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Unread 07-07-2013, 07:08 PM   #2
Terry Kennedy
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Join Date: Apr 2005
Location: NYC area
Posts: 51
Default Re: A post for postings sake

Quote:
Originally Posted by SaFeHeX View Post
I did read in the original SuperM motherboard manual that some OS's will not see anything above 3Gb and i'm not quite sure exactly why that is in this case when the overland data says the N2000 is expandable to 4Gb.

I do understand that the likes of Windows XP will only see 3Gb in a PC but i am/was surprised that GOS only appears to register 3Gb also.

At the moment i'm running back on the single, original 2Gb stick, just because i got fed up messing about with it and all the combinations i tried, so we're back to original factory spec as a just in case thing, for the time being at least.

It's a little annoying when the Motherboard it's self is capable of supporting 2x Intel quad cores and a total of 12 sticks of RAM (6 per CPU) and something like 192Gb of RAM in total if both CPU's were fitted.
The 3GB issue isn't an operating system problem, it's a design "feature" in the original PC spec. Just like you couldn't have more than 640KB in the original PC, despite it being able to address 1MB, the space above 3GB has a buch of reserved chunks for memory-mapped devices.

In order to use more than 3GB, you need either a 64-bit operating system (and, of course, 64-bit capable CPU(s)) or a 32-bit one with PAE support (which is a bit of a hack, and not all device drivers work properly in a PAE environment). I'd bet that GOS is neither.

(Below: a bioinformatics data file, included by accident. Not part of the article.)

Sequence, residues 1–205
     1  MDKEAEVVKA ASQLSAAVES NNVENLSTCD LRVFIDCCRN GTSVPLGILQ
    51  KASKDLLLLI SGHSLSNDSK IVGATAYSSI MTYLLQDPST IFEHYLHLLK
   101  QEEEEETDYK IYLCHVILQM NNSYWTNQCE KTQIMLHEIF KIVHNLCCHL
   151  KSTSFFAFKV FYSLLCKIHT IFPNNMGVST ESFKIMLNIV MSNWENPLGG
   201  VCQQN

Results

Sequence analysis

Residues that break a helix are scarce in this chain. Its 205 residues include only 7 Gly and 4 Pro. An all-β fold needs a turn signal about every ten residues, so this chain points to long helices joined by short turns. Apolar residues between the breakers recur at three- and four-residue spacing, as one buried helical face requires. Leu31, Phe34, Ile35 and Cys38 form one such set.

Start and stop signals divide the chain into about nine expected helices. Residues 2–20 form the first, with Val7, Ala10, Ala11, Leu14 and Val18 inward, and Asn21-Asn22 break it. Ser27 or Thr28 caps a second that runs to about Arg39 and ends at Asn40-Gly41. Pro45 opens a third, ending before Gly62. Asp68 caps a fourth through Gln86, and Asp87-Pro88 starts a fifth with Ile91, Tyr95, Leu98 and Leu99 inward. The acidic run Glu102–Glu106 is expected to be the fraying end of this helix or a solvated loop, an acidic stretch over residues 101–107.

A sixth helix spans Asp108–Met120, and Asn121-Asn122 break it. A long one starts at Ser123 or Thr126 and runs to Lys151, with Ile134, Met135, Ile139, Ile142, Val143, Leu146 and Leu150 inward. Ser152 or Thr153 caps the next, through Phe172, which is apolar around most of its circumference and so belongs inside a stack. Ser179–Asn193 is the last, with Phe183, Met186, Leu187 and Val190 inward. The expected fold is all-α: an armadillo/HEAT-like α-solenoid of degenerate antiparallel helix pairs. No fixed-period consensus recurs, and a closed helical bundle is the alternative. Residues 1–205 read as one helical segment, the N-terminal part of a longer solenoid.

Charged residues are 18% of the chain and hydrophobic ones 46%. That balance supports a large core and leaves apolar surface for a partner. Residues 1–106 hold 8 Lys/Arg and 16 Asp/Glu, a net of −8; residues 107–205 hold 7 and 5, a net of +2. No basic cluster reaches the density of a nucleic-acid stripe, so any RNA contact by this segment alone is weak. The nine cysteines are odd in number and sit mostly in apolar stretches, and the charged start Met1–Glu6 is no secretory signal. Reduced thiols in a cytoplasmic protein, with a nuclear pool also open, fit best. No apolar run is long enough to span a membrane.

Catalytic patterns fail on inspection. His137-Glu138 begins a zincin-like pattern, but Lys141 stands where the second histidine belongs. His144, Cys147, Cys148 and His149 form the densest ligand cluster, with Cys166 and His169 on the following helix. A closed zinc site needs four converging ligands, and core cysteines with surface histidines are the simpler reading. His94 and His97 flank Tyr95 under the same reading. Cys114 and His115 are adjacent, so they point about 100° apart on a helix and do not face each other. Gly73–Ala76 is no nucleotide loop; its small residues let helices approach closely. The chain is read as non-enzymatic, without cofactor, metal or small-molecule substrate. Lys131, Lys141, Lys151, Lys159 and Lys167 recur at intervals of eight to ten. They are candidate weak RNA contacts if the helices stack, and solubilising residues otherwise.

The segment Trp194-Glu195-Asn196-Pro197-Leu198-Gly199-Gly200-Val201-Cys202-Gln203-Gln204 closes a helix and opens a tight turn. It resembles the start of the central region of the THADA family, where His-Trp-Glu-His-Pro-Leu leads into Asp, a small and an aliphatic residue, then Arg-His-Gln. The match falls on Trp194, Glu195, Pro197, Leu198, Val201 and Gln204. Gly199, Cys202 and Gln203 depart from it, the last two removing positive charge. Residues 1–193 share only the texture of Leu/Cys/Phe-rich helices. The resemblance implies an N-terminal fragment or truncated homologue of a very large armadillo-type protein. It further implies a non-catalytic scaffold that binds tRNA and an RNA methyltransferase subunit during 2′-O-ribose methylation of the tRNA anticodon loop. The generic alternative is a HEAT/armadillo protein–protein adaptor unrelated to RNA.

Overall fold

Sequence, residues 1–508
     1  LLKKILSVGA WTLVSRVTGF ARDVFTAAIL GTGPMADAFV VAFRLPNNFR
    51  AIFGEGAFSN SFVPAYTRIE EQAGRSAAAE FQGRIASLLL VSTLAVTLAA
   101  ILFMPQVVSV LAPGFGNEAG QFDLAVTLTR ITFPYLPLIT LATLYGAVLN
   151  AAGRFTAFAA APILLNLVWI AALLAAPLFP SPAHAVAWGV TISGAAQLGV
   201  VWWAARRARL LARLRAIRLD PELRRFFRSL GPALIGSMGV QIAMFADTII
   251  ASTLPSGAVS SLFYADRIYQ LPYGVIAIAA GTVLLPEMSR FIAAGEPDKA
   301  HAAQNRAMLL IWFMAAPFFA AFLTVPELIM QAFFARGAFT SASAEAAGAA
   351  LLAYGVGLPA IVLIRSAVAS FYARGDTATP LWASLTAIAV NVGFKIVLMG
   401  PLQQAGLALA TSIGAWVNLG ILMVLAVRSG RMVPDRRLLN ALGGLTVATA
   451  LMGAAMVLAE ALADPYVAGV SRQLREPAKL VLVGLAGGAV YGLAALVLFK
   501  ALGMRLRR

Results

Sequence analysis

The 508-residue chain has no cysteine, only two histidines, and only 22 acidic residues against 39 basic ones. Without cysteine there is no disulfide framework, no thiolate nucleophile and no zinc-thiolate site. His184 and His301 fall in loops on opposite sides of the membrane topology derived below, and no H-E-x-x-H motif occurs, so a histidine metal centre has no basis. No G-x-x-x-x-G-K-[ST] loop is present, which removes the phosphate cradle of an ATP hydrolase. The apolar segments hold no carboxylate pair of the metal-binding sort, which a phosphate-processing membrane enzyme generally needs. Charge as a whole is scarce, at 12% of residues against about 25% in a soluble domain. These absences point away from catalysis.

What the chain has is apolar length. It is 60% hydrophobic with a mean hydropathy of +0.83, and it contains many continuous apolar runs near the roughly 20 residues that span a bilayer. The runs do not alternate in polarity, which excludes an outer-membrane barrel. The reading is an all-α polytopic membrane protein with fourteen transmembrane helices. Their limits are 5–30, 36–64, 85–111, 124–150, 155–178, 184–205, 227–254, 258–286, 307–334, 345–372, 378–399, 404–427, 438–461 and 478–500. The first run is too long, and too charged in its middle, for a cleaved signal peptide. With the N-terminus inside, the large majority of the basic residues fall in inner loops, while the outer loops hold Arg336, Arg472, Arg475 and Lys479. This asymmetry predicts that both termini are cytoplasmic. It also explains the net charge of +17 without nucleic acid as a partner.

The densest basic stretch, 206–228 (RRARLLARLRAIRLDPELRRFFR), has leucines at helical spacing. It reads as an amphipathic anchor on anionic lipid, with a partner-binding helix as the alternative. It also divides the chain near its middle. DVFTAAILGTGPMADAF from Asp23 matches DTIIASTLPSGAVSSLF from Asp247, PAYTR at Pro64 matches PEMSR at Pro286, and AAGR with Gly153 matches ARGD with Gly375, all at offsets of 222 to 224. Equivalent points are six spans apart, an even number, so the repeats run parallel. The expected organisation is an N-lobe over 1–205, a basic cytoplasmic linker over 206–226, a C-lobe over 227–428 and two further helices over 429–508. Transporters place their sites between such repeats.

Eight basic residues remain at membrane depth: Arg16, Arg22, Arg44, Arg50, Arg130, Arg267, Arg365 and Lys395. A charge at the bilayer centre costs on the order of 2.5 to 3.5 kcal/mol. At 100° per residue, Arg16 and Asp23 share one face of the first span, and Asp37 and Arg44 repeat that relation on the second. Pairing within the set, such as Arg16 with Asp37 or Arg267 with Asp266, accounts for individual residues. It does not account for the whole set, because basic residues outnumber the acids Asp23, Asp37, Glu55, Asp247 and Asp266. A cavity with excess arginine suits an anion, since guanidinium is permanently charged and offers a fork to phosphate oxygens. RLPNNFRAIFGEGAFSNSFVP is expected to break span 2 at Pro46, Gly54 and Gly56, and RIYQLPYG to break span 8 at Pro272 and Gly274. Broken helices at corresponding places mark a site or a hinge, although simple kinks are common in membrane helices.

Quote:
It's a little annoying when the Motherboard it's self is capable of supporting 2x Intel quad cores and a total of 12 sticks of RAM (6 per CPU) and something like 192Gb of RAM in total if both CPU's were fitted.

The machine seems to be way more than what GOS is designed to handle and in some ways GOS is almost wasted on it. Don't get me wrong i've been a fan of Snaps for a good few years and this thing is a beast. I'm pleased with it, but just a little bit disappointed by what appears to be limitations with GOS. Maybe i could understand it better if i was running an older GOS revision but this is 6.5.023. Ok, so it's not the very latest 7.2.xxx or whatever but 6.5.023 is still only a couple of years old. The N2000 it's self was only manufactured something like 3 years ago.
Well, if the hardware is standard you could always run some other operating system on it. If the GOS is stored on a special flash module, you could just remove that in case you ever wanted to switch back. Personally, I'm using FreeBSD + ZFS on my 32TB RAIDzilla II's.
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